That’s what I’ve been working on myself — mindfulness and lately, contemplative prayer. I’ve tried meditation for years and have had mixed results. In a small group discussion of Jerry Aaker’s A Spirituality of Service and a Lenten series on types of prayer, contemplative or centering prayer appealed to me as a practice similar to meditation but less focused on breathing. Phil Fox Rose offers a nice “how to” on this kind of meditation. Contemplative awareness in Maisie Dobb’s world and our own is about compassionate insight into the messy, the broken, and the beautiful alike.

Why bother with this? Why not say a quick prayer if you pray, and get on with the day? Well, Maisie meditates for mental clarity. Regular practitioners swear by that, and as I mentioned in my review of Oliver Burkeman’s The Antidote, meditation  helps strengthen our “negative capability” as Keats called it, the capacity to live comfortably with uncertainty. Or to grasp a mystery, fictional or real. Such as trying to take in catastrophes like bombings or murders or natural disasters, or to be a witness to injustice (plenty of opportunity to do that lately, as our state argued about whether to fund essential services via casino gambling and a judge decides soon whether our town’s homeless people have a right to camp when there’s no shelter space).

I’m not sure if those skills will help me figure out what Maisie Dobbs is solving as I read the rest of Jacqueline Winspear’s series, but I plan to do that, as well as to hone my own contemplative and mindful awareness. 

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I was looking for recent nonfiction to review for my library’s “beyond the bestsellers” guide when I picked up The Antidote: Happiness for People Who Can’t Stand Positive Thinking. I really enjoyed Barbara Ehrenreich’s Bright-sided: How the Relentless Promotion of Positive Thinking Has Undermined America, and the Computer Scientist and I have had many conversations with our teenagers over the past couple of years about happiness — how to define it, whether it’s possible to pursue it, whether it comes and goes, whether we can choose to be happy, why some people seem to be happier than others, what external and internal factors make happiness possible, etc.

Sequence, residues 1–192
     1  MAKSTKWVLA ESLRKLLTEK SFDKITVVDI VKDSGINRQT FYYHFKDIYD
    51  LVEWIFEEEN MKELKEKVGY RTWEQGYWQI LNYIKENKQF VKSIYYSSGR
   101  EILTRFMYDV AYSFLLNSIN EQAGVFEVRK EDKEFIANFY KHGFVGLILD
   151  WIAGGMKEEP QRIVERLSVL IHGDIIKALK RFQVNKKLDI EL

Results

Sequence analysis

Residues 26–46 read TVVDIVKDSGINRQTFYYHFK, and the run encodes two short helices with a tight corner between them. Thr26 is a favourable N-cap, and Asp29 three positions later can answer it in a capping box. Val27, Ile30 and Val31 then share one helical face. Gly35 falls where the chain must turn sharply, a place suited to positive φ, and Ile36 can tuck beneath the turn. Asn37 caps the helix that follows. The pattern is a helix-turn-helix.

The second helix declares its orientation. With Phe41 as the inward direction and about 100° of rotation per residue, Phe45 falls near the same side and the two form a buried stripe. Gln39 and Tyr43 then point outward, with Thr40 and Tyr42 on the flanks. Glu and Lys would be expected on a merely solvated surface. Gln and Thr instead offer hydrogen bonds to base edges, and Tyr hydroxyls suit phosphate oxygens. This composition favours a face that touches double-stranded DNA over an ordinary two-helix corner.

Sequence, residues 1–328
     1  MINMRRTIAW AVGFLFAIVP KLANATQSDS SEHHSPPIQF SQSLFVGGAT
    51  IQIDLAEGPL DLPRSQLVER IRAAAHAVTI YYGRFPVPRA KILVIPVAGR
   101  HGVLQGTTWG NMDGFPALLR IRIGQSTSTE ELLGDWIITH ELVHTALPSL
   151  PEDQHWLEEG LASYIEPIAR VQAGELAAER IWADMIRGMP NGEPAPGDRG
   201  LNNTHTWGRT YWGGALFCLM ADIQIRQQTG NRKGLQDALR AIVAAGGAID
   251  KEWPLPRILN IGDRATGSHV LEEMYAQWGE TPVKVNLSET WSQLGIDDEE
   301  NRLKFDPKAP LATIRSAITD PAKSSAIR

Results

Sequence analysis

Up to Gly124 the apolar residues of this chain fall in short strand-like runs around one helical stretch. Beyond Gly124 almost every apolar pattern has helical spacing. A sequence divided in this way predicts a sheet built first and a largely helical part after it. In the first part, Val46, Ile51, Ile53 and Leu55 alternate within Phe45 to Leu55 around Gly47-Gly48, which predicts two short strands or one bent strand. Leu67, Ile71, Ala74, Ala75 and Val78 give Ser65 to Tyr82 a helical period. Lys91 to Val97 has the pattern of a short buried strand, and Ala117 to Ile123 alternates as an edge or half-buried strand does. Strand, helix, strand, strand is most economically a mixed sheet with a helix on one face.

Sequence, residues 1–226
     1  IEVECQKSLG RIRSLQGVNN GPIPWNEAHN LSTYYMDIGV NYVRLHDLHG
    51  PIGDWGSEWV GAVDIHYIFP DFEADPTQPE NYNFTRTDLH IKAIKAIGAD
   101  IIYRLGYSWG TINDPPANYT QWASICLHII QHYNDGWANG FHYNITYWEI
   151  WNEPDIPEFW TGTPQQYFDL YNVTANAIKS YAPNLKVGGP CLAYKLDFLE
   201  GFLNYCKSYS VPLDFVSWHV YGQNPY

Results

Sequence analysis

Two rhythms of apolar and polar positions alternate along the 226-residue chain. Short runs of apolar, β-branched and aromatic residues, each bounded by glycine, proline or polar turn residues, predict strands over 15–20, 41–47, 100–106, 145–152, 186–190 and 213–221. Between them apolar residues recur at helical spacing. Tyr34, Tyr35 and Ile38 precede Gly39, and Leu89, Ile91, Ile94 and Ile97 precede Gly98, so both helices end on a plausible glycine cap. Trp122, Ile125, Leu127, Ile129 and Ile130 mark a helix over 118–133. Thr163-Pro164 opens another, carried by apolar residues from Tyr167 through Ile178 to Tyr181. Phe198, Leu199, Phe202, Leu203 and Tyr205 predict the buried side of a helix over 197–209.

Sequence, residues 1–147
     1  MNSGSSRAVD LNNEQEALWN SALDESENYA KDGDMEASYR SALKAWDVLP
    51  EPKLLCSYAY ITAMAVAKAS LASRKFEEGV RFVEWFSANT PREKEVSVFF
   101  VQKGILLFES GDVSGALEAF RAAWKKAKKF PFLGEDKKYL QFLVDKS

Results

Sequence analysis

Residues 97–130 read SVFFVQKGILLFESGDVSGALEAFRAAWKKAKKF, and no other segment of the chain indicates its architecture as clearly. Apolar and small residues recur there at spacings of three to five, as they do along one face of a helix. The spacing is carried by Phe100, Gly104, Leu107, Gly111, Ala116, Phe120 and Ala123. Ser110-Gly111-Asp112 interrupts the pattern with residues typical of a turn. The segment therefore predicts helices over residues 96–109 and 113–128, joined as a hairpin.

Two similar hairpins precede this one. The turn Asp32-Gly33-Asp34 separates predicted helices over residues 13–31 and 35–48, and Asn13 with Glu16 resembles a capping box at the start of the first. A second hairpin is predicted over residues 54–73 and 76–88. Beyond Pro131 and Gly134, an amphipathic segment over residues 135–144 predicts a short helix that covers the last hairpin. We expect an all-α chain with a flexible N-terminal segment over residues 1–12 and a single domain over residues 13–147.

I wish instead I’d had this book to hand them or quote from.  Here’s what I wrote for the library, adapted slightly:

Oliver Burkeman has written a handbook for what the English Romantic poet John Keats called “negative capability,” or living with “uncertainties, mysteries, (and) doubts” without feeling miserable. Burkeman neatly explains why positive psychology often backfires and what philosophy and psychology have to say about the “negative path to happiness.” From Stoicism to Eckhart Tolle, Buddhist non-attachment to the Museum of Failure, Burkeman explores a range of ideas and practices. In the tradition of other recent “immersion journalists” (like A. J. Jacobs) Burkeman actually visits his subjects when possible and tries the practices he writes about. For example, he takes a week long silent retreat at the Insight Meditation Society in Massachusetts, recreates psychologist Albert Ellis’s “subway-station exercise” on the London Underground, and visits a cemetery in a Mexican village to experience The Day of the Dead. In the final chapter he offers “an interim status report” to explain how these experiences and approaches worked in his own life.

One of the reasons this book is so delightful is that Burkeman reveals his own doubts, and then admits when something works or makes more sense than he’d first suspected. Unsurprising for a reporter for The Guardian with a weekly column (This Column Will Save Change Life) he’s also an excellent writer, clear and smart and spot on. I think a cynical teenager would probably identify with his very modern, slightly skeptical point of view. It lends Burkeman’s conclusions a greater authority, because if someone bright and observant like him has been won over by Echkart Tolle’s “palpable stillness, which seeped into the corners of the small Vancouver apartment and by the end of an afternoon’s conversation, into me” than perhaps Tolle’s not just some Oprah-anointed guru nutter.

Burkeman has convinced me to work on my negative capability. Read this book and you’ll probably want to as well.